As someone who appreciates attending documentary-only film festivals, I must admit that after a few days, it can become a bit of a slog. This is not due to the films, particularly at a high-end event like IDFA, the acclaimed International Documentary Film Festival Amsterdam, which ended its 11 day run on Sunday. If anything, it is the opposite. The films presented are so visceral, so challenging, so disturbing, so awakening, that it truly is a shock to the system to see them in the marathon fashion favored by festival goers like myself.
Among the films that both outraged and motivated me this past week were BLOOD IN THE MOBILE, Danish director Frank Piasecki Poulsen's "Roger And Me" quest to get at the bottom of "blood minerals" from the Congo that are imported by one of the world's most successful technology companies Nokia; THE GREEN WAVE, director Ali Samadhi Abadi's powerful mix of essay, animation and actual clips of the uprising in Iran following the election of 2009; the horrendously demanding and difficult lives of the rickshaw drivers of Calcutta beautifully captured by South Korean director Seong Gyou-Lee in MY BAREFOOT FRIEND; the agonies of facing the truth in the aftermath of a bloody war in Swedish director Staffan Julen's MY HEART OF DARKNESS; and the numbing monotony and excruciating boredom that sometimes erupts in violence in the wars in Afghanistan and Iran, as experienced by the combat troops in ARMADILLO by Danish director Janus Metz.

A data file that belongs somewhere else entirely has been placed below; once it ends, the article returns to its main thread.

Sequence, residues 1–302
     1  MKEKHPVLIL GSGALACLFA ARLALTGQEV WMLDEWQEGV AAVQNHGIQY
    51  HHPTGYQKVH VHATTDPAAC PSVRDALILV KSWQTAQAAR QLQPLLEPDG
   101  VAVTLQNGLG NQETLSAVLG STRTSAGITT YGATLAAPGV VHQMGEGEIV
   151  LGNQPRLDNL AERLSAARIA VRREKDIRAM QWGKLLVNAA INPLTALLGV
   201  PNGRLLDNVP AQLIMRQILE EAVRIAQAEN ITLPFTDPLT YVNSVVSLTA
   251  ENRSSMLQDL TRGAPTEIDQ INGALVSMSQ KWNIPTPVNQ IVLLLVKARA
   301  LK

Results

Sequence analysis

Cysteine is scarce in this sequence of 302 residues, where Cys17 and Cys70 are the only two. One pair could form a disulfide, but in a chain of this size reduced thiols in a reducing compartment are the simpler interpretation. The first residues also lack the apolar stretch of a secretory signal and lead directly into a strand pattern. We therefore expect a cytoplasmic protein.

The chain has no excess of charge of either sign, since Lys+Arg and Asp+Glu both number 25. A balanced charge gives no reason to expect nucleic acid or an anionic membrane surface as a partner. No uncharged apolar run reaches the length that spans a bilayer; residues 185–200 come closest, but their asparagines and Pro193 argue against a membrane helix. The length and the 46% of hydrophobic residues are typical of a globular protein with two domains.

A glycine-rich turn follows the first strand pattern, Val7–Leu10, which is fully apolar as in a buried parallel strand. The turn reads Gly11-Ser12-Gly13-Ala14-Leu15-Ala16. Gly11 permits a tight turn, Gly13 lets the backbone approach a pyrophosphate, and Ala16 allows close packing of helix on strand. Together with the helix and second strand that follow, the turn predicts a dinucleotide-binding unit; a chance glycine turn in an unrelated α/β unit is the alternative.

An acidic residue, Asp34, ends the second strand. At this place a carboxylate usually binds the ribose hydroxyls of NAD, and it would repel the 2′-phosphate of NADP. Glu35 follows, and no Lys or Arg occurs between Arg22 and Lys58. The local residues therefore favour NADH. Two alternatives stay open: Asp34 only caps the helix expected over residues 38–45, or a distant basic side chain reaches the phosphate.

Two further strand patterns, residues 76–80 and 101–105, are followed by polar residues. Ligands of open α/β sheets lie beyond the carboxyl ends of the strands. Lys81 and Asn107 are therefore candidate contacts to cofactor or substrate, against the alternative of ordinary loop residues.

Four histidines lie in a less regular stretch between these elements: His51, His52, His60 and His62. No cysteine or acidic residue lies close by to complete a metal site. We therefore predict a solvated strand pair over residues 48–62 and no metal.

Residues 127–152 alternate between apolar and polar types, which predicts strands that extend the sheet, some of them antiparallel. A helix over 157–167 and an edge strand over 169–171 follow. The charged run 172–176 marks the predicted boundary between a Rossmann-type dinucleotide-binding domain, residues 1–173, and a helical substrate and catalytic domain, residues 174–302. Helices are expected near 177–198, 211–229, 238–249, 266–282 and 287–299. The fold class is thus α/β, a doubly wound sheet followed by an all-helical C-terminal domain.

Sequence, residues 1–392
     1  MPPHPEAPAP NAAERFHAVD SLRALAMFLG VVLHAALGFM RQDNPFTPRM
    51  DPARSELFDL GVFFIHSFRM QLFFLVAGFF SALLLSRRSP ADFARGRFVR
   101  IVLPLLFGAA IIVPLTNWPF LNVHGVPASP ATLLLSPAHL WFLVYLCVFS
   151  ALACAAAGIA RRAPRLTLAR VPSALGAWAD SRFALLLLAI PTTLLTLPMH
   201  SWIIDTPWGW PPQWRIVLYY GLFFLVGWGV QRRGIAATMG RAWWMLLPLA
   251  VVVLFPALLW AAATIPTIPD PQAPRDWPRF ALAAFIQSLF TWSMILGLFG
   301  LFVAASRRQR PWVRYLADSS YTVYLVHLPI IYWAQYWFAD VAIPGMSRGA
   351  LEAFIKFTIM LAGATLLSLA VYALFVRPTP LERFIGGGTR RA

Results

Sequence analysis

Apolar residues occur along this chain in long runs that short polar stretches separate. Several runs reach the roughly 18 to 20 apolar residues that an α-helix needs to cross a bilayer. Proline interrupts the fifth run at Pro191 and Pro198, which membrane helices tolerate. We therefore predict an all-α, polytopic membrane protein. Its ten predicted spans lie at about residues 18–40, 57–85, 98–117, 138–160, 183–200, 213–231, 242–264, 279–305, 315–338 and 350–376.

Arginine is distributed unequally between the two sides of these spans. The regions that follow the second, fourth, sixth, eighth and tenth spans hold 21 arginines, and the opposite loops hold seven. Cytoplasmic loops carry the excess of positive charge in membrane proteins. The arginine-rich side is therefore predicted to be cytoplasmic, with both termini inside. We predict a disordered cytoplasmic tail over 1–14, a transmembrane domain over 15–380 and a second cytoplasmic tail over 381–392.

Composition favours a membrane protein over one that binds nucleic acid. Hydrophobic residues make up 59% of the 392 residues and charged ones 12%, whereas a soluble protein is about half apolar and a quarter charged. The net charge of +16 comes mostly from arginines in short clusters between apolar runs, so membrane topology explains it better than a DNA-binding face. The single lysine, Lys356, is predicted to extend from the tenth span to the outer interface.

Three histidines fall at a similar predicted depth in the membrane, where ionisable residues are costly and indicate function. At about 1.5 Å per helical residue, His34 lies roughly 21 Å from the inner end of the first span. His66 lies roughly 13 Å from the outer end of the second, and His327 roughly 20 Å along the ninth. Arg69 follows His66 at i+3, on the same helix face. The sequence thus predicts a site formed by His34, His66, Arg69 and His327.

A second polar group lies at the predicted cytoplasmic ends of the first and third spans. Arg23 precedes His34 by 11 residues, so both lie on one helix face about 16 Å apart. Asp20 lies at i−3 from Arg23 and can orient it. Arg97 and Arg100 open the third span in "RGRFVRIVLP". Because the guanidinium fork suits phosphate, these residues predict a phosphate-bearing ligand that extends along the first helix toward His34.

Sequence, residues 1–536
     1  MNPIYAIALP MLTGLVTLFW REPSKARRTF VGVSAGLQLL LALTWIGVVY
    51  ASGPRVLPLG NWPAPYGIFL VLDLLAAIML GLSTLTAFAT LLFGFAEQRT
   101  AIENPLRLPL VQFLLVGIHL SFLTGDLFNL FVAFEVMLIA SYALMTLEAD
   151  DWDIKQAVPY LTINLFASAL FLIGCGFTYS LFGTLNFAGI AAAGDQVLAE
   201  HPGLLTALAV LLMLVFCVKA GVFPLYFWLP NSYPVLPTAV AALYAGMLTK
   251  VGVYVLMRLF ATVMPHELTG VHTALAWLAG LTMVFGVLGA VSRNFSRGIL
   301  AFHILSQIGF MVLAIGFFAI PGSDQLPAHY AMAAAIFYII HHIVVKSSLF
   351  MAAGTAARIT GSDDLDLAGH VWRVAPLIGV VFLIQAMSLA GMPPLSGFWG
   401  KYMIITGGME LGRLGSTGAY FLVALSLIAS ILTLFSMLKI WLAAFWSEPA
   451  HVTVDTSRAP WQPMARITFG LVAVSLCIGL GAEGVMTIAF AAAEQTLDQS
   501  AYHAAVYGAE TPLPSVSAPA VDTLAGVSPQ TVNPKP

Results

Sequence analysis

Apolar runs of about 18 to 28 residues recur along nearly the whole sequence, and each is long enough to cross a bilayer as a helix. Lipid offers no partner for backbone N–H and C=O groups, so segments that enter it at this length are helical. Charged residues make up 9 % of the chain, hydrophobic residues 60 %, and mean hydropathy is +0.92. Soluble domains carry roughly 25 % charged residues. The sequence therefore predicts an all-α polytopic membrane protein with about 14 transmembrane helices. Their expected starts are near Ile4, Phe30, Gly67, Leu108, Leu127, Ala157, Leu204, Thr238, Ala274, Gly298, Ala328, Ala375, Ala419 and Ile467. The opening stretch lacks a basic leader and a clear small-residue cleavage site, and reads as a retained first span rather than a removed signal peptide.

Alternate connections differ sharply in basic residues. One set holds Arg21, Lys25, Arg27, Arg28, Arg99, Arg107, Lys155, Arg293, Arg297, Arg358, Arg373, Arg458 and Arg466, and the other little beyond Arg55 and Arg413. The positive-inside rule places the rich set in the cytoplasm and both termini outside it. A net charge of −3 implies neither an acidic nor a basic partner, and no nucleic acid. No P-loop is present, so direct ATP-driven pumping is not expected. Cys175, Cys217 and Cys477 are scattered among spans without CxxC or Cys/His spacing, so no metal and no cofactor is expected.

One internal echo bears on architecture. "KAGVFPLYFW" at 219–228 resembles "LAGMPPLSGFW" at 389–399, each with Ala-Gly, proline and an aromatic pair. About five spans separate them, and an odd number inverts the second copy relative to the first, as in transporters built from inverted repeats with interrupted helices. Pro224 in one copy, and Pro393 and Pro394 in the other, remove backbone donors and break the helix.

The above is only scratching the surface of the topics presented in the past week and a half. For the viewer, there can only be an initial reaction of shock, followed by a numbness and feeling of weakness in the presence of such monumental issues and problems. However, in each of the above films, the filmmakers have made a point of saying that the conditions and situations portrayed in the film ARE subject to change, if there is the will and the motivation to do so. That is the challenge of these films and the challenge that we each take home with us from IDFA.
By Sandy Mandelberger